Tuesday, June 25, 2024

‘Prayers for the Stolen’ dominates at the 64th annual Ariel awards for Mexican film

At the Cannes Film Festival last year, Salvadoran-Mexican director Tatiana Huezo received a 10-minute standing ovation for her debut feature film “Noche de Fuego,” which she also wrote. Last week, Mexico — where she has lived since age 4 — was the setting for more high praise for Huezo.

At the 64th Ariel Award ceremony in Mexico City, Huezo and her film came away with seven “Mexican Oscars,” including best picture and best cinematography, after entering the competition with 19 nominations, by far the most of any film.

Based on the 2012 novel “Prayers for the Stolen” by Mexican-American author Jennifer Clement, the film is about three girls who live in a cartel-dominated community in southern Mexico, where they pass themselves off as boys. The film portrays the close relationship between the girls and their mothers, who do all they can to avoid having the cartel kidnap their daughters.

“I would like to send a message of affection and admiration to all the mothers in this country who are raising their sons and daughters alone, who are sowing seeds of hope, freedom and equality,” said Huezo, a naturalized Mexican citizen who previously had made documentaries, upon receiving the award.

Mayra Membreño portrays the protagonist Ana in "Prayers for the Stolen."
Mayra Membreño portrays the protagonist Ana in “Prayers for the Stolen.”

Her winning film can be seen on Netflix under the titles “Prayers for the Stolen” and  “Noche de Fuego” (which translates to “Night of Fire”). English and other subtitles are available.

After two years as a virtual presentation, the Ariel Awards returned to an in-person event this year, although it was not held at its usual venue, the Palacio de Bellas Artes, but rather a few blocks away at the College of San Ildefonso, formerly a university but now a museum and cultural center (and considered to be the birthplace of the Mexican muralism movement).

The list of award winners included Alonso Ruizpalacios as best director for “Una película de policías” (“A Cop Movie”), which also earned best actor and best actress awards for Raúl Briones and Mónica del Carmen, respectively. A film about two police officers who have a sentimental relationship, and which moves between fiction and documentary, it also won the awards for documentary feature, original screenplay and editing.

To win best director, Ruizpalacios, 44, beat out a strong list of nominees, including Huezo, 50; Ángeles Cruz, 50 (for “Nudo mixteco,” or “Mixtec Knot”); the legendary Arturo Ripstein, 78 (for “El diablo entre las piernas,” or “The Devil Between the Legs”); and Ernesto Contreras, 53 (for “Cosas imposibles,” or “Impossible Things”).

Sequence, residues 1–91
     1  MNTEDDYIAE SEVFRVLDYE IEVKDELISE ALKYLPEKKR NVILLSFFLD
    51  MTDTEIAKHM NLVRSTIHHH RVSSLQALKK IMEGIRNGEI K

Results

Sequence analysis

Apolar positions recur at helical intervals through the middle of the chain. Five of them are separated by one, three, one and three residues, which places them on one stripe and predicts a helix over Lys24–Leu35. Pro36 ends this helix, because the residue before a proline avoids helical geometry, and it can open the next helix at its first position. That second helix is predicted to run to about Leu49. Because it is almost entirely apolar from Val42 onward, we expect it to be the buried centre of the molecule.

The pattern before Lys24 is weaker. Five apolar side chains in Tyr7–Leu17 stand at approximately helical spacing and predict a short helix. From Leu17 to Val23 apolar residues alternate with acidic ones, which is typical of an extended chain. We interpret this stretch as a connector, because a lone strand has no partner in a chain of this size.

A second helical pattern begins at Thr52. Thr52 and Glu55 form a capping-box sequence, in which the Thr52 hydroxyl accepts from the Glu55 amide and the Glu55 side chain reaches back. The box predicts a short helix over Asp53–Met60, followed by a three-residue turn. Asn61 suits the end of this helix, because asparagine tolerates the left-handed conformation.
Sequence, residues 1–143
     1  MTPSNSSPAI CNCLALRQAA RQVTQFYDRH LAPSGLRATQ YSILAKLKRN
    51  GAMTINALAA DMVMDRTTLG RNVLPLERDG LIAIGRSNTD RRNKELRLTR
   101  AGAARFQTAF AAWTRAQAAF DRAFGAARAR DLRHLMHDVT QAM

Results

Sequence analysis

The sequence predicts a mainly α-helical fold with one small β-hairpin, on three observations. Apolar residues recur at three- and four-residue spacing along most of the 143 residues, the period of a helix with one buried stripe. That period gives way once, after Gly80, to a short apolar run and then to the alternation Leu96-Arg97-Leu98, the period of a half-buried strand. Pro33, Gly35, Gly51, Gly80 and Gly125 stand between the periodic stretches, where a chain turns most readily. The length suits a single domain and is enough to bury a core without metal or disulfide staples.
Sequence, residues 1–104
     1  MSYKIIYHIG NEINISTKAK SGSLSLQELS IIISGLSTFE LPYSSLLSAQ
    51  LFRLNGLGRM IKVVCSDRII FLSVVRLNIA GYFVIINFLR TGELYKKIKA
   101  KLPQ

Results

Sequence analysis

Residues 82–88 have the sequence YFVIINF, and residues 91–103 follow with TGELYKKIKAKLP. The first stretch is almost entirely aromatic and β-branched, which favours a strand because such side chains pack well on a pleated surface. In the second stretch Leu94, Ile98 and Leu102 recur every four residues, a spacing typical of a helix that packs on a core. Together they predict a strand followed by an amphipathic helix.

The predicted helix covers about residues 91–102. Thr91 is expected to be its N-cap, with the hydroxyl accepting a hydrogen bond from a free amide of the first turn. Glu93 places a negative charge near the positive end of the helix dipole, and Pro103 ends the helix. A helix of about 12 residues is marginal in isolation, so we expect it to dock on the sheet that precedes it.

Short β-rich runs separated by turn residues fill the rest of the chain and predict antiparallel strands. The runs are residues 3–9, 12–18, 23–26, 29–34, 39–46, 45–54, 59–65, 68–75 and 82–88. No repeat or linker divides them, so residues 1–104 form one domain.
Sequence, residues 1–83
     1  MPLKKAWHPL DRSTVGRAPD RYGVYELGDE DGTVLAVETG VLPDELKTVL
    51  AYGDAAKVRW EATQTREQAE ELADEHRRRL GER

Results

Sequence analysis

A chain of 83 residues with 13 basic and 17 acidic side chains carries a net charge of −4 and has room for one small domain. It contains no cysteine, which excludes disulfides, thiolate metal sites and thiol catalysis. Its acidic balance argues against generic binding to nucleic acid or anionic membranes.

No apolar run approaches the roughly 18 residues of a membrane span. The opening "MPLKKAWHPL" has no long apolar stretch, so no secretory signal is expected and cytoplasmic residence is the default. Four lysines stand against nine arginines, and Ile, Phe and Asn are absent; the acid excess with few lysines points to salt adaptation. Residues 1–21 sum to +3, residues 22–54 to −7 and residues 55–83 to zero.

Mónica del Carmen portrays the police officer Teresa in "A Cop Movie."
Mónica del Carmen portrays the police officer Teresa in “A Cop Movie.”

Cruz, who is of Mixtec ethnicity, took the statuette for best debut film. Her “Mixtec Knot,” which was nominated in eight categories but won only one, shows abuses committed against women in a small indigenous community in Oaxaca.

“A Cop Movie” and “Impossible Things” each had 10 nominations; the former won six awards to finish right behind Huezo’s film with seven, but the latter earned only one win, for best score.

The seven awards for “Noche de Fuego” also included best supporting actress to Mayra Batalla for her performance as Rita, the mother of one of the girls. “I want to share this with all the women and girls who save themselves every day,” Batalla said upon collecting her award.

The awards are presented by the Mexican Academy of Cinematographic Arts and Sciences (AMACC).

The nominations for best film were “Noche de Fuego” (“Prayers for the Stolen”); “Una película de policías” (“A Cop Movie”); “Cosas imposibles” (“Impossible Things”); “El otro Tom” (“The Other Tom”) and “Nudo mixteco” (“Mixtec Knot.”)

The newspaper Reforma put together a “best of” list of nominated and winning films that can be seen for free or rented online. Those listed here include English and other subtitles. Netflix:Prayers for the Stolen,” “A Cop Movie,” “La diosa del asfalto” or “Asphalt Goddess.” Amazon Prime: Impossible Things.” iTunes: “Cadejo blanco” or “White Cadejo,” (a cadejo is spirit from Central American folklore).

“Asphalt Goddess” is about a successful singer who returns to her hometown, is reunited with old friends and confronts danger past and present; it received four nominations but no wins. “Impossible Things” is about an abused woman who finds comfort in a disoriented young man; it received 10 nominations and one win. “White Cadejo,” is about a woman who infiltrates the crime world to find her disappeared sister and was directed by American Justin Lerner, who got the idea for the film during a 2016 trip to Mexico; it received one nomination and didn’t win.

With reports from El Pais, Reforma and the Associated Press

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